Keeping Warm in the Winter Months
One of my elementary school teachers used to say, “There is no such thing as bad weather, just poor clothing choices!” whenever we complained about being cold outside. Back then, I never thought about correcting Mrs. Roberts. But now that I’m older, I realize we need more than just good clothing choices during the cold winter season. This article offers simple tips to make this winter a little cozier and warmer.
Understand the Risk of Hypothermia
Aging adults are more sensitive to cold temperatures than younger adults due to thinner skin and a lower metabolic rate. According to the CDC, aging adults whose body temperatures fall below 95°F are at higher risk for heart disease and kidney or liver damage.
During the winter, you may need to leave your warm home to run errands or walk your pet. When you do, take on-the-go protection such as the Mini Guardian or another Medical Guardian Medical Alert system, and be sure to bundle up. That way, if you feel unwell or slip and fall on ice, you can get help right away with the push of a button.
There’s actually a system for bundling up. Wearing multiple layers outside can keep you warm, comfortable, and safe. Aim for three layers: a base, middle, and outer. A base layer will keep your skin dry, a middle layer will help you retain body heat, and an outer layer will protect you from wind and snow. If the temperature warms up or you go indoors, you can remove layers as needed to stay comfortable.
Look for base layers made with moisture-wicking fabrics and technology, as this is essential to keeping your skin dry and reducing your risk for hypothermia. You can find these types of layers in hiking and camping sections of certain stores, such as REI. One popular type of base layer is Merino wool. If wool does not agree with your skin, there are a synthetic materials that help to keep your skin dry.
Concerned about buying one-season clothing? No need. A bonus to having moisture-wicking clothing is that you can also wear it during the summer to cool your skin.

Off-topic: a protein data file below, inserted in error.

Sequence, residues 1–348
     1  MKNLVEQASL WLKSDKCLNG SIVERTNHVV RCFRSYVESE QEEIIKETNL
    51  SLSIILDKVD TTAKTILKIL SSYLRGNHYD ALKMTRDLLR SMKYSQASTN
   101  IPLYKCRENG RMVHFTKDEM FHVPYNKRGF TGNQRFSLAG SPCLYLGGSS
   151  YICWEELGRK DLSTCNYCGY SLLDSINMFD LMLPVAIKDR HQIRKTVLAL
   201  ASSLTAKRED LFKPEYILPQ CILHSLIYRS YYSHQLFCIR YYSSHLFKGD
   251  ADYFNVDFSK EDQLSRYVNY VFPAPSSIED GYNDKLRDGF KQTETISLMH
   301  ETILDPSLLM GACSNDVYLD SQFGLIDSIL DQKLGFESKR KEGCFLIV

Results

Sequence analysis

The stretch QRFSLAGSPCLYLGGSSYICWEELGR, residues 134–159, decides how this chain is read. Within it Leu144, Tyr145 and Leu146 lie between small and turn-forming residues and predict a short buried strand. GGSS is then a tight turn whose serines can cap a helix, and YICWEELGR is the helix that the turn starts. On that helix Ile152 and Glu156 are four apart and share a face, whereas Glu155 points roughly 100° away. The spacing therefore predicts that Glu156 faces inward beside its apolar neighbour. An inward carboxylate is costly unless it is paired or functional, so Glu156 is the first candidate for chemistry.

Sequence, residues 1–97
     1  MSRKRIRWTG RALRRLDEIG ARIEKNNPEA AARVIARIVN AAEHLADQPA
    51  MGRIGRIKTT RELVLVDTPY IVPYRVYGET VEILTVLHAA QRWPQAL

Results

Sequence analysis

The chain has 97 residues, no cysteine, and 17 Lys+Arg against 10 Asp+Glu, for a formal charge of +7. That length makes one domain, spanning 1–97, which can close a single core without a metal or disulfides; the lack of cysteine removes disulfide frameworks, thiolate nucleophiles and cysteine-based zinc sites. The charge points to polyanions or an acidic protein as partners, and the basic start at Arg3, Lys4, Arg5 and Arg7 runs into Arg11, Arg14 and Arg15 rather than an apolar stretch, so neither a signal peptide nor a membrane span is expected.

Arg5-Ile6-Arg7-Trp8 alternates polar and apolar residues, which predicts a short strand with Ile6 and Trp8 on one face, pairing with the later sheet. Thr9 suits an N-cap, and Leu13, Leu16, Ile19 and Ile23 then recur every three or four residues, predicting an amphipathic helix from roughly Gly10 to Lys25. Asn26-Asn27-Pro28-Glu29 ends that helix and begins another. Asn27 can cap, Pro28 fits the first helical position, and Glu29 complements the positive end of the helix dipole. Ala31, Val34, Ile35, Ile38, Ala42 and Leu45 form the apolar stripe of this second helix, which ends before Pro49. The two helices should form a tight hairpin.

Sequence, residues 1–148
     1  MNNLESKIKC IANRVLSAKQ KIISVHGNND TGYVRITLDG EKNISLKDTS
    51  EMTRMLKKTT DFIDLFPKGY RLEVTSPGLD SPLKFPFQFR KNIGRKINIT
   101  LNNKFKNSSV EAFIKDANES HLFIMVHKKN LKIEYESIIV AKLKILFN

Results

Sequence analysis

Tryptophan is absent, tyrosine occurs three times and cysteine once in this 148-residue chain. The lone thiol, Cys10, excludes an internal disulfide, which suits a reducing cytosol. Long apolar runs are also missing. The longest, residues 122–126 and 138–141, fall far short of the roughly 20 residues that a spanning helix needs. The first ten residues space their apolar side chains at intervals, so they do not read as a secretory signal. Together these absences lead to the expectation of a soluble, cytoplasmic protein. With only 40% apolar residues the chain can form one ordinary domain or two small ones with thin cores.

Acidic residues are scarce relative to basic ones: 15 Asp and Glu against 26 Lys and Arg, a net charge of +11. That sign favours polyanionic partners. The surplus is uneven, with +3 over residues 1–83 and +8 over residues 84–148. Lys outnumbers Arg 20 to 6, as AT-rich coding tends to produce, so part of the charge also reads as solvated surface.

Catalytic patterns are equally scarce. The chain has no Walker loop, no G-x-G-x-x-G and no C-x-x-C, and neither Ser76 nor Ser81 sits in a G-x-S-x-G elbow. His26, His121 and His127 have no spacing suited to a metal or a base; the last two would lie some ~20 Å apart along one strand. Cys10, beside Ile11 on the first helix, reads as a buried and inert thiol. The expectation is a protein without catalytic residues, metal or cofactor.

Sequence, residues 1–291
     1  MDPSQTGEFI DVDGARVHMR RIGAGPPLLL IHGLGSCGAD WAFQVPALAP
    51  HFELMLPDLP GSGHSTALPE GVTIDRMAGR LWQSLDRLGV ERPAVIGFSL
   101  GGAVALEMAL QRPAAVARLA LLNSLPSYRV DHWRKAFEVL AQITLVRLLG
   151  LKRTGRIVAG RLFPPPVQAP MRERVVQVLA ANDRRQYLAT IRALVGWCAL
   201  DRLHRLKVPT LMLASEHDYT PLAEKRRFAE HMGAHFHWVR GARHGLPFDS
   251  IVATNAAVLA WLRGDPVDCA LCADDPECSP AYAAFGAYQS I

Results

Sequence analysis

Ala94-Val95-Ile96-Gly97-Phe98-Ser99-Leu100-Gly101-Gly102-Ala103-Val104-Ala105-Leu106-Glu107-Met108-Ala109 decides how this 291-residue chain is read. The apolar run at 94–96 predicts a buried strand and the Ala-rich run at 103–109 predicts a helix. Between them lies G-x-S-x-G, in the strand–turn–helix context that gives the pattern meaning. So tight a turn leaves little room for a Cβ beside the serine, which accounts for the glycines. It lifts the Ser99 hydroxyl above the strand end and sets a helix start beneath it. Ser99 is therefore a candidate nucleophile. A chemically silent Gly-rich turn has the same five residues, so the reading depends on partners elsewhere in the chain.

Stay inside and comfortable
In the winter, coming home to a warm house and snuggling up to a warm fireplace tucked under a blanket is a wonderful way to keep warm, but not all of us have that picture-perfect setup. Many houses are cold, lack insulation, or are older and don’t have modern technology that hold the warmth. The NIH has the following suggestions for staying warm inside:
Keep an eye on your thermostat, keeping it between 68 and 70
Close off rooms you’re not using and close heating vents in those rooms
Check your windows to ensure there are no gaps in weather stripping
Dress in layers in your home
Wearing a hat inside may seem silly, but it helps you retain body heat
Don’t forget to eat.
Keep Out the Chill
Brisk, cold winter air can seep through your windows at night, especially if they are single-paned or poorly insulated. To combat this problem, consider hanging up thermal curtains, or blackout curtains, that are designed to keep warm air inside while blocking cold air from the outside. Then, during daytime hours, open your curtains to let in the sun, which can heat your home substantially.
Rearrange Your Furniture
Move your furniture around as needed to make your home cozier and warmer and to reduce the number of drafty spots. For example, if your favorite chair is next to a cold window, move it closer to the fireplace or radiator. At the same time, ensure your radiator or heating vents aren’t blocked or covered by furniture, which can prevent warm air from circulating throughout the room.
If your furniture is too heavy, ask for help from a friend or family member who can help you rearrange things.
Wear Fleece Slippers
Keeping your feet warm can also help the rest of your body stay warm. Get a pair of warm fleece slippers you can wear over your socks or bare feet to keep them warm all winter. Make sure you find a pair with rubber soles or non-skid bottoms that prevents you from skidding or slipping on bare flooring.
Know When to See Your Healthcare Provider
If you continue to feel cold despite dressing warmly and winter-proofing your home, make an appointment with your healthcare provider. Being cold all the time could be a sign of a condition such as anemia, hypothyroidism, or diabetes. Your provider can talk to you in greater detail about your symptoms and help you find relief from the constant chill.
At Medical Guardian, we understand the importance of staying warm in the colder months regarding your health and well-being. Our top-rated Medical Guardian Medical Alert systems can provide several benefits to keep you well and protected, whether tucked under a warm blanket in your home or visiting loved ones for the holiday. Contact us today at (800) 668-9200 to learn more.